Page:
Marriage is a journey navigated with compromise and understanding

A columnist reflects on how much he and his wife have grown in 15 years

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by Carlos Briceño |

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Fifteen years of marriage have taught me that compromise and understanding remain at the heart of a strong relationship. These elements have become more important since Jill’s diagnosis of Huntington’s disease in 2018. As I reflect on our life since then, I realize how much we have grown individually and as a couple.

Marriage is a dance where sometimes I’ve led and sometimes I’ve followed, but we’ve always moved in harmony with each other. When Jill was diagnosed, it felt like our dance floor had shifted beneath us. The steps we once knew well became uncertain, and we had to learn a new rhythm, which was defined by compromise, patience, and an unwavering commitment to each other.

Compromise is not easy, especially when faced with the unpredictable nature of Huntington’s. Jill’s symptoms vary from day to day, so we’ve had to adjust our expectations and find a balance that fits her needs and mine. It’s a daily process of give and take, of finding new ways to support each other.

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One of the most significant compromises has been adjusting our roles within our marriage. Tasks that Jill once handled with ease have become more challenging. For example, she’s what I call my “tip calculator.” Because I’m terrible at math, when the check comes at a restaurant, she’s always calculated how much money to tip the server. That doesn’t occur now because she can’t do math in her head anymore. This is an example of a cognitive decline, which is typical of people with Huntington’s.

Thankfully, understanding is the cornerstone of our relationship. It goes beyond knowing what the other person needs. It’s about empathizing with their experience and being willing to adapt.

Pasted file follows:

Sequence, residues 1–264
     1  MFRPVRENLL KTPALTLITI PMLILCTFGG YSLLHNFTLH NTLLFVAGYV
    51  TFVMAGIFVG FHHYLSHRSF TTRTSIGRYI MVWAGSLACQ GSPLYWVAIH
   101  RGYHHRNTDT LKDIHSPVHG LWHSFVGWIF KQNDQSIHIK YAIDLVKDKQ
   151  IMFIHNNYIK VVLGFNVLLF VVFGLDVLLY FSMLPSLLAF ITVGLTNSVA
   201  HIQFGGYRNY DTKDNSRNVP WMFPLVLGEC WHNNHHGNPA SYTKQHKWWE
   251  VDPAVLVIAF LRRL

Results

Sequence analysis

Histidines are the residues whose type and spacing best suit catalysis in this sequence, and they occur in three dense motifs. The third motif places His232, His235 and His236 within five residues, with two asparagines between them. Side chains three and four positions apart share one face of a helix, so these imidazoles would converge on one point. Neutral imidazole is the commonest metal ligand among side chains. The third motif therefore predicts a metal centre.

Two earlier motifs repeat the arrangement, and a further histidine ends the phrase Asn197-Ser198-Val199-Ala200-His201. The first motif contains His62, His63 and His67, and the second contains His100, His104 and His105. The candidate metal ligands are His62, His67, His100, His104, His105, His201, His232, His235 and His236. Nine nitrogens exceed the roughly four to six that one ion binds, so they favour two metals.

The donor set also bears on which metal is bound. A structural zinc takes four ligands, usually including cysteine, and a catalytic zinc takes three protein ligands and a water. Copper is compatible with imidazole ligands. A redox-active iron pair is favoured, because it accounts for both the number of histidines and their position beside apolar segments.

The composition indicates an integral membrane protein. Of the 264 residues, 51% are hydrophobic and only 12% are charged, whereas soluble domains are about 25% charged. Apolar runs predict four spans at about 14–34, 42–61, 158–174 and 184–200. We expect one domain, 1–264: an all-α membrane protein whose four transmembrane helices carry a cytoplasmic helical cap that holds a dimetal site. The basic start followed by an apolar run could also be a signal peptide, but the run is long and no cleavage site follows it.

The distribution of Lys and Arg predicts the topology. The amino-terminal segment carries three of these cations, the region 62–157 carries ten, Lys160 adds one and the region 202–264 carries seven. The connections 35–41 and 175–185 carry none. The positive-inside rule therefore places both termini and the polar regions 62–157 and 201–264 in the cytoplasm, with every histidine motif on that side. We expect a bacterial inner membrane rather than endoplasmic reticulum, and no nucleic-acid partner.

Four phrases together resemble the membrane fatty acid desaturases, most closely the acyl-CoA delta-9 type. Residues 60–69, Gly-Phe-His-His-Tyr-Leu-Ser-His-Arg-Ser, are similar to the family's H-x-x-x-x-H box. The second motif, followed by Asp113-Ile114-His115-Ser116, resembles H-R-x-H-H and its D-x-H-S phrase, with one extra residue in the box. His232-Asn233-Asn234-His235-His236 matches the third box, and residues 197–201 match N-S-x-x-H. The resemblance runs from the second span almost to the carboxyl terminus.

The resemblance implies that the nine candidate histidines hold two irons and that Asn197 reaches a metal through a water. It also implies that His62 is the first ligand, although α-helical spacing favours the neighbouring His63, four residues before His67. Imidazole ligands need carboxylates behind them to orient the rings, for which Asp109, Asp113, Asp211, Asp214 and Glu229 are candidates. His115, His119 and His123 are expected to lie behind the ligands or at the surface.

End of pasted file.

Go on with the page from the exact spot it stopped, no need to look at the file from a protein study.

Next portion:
Because both of us have attention-deficit/hyperactivity disorder, Jill and I know the importance of understanding each other’s challenges. We have developed a language of support that prioritizes kindness and patience, which has prepared us for the additional challenges posed by Huntington’s. We’ve learned to be flexible, to forgive ourselves and each other for the moments when things don’t go as planned, and to celebrate the small victories.

Despite the challenges, Jill and I have found ways to keep our relationship vibrant. We cherish the small moments of joy — whether it’s a quiet evening at home, a walk in Washington, D.C., or laughing at my puns. (For the record, I wish she laughed at my puns. She always just rolls her eyes.) I’m grateful for all our good and bad moments together, because ultimately, compromise and understanding in a marriage aren’t strategies — they’re acts of love.

To anyone facing similar challenges, remember that you’re not alone. Marriage is a journey of two hearts learning to beat as one, even when the rhythm changes. Embrace the compromises, seek understanding, and hold on to the love that brought you together. It is this love that will see you through the toughest times and help you deal with whatever Huntington’s throws your way.

Note: Huntington’s Disease News is strictly a news and information website about the disease. It does not provide medical advice, diagnosis, or treatment. This content is not intended to be a substitute for professional medical advice, diagnosis, or treatment. Always seek the advice of your physician or other qualified health provider with any questions you may have regarding a medical condition. Never disregard professional medical advice or delay in seeking it because of something you have read on this website. The opinions expressed in this column are not those of Huntington’s Disease News or its parent company, Bionews, and are intended to spark discussion about issues pertaining to Huntington’s disease.


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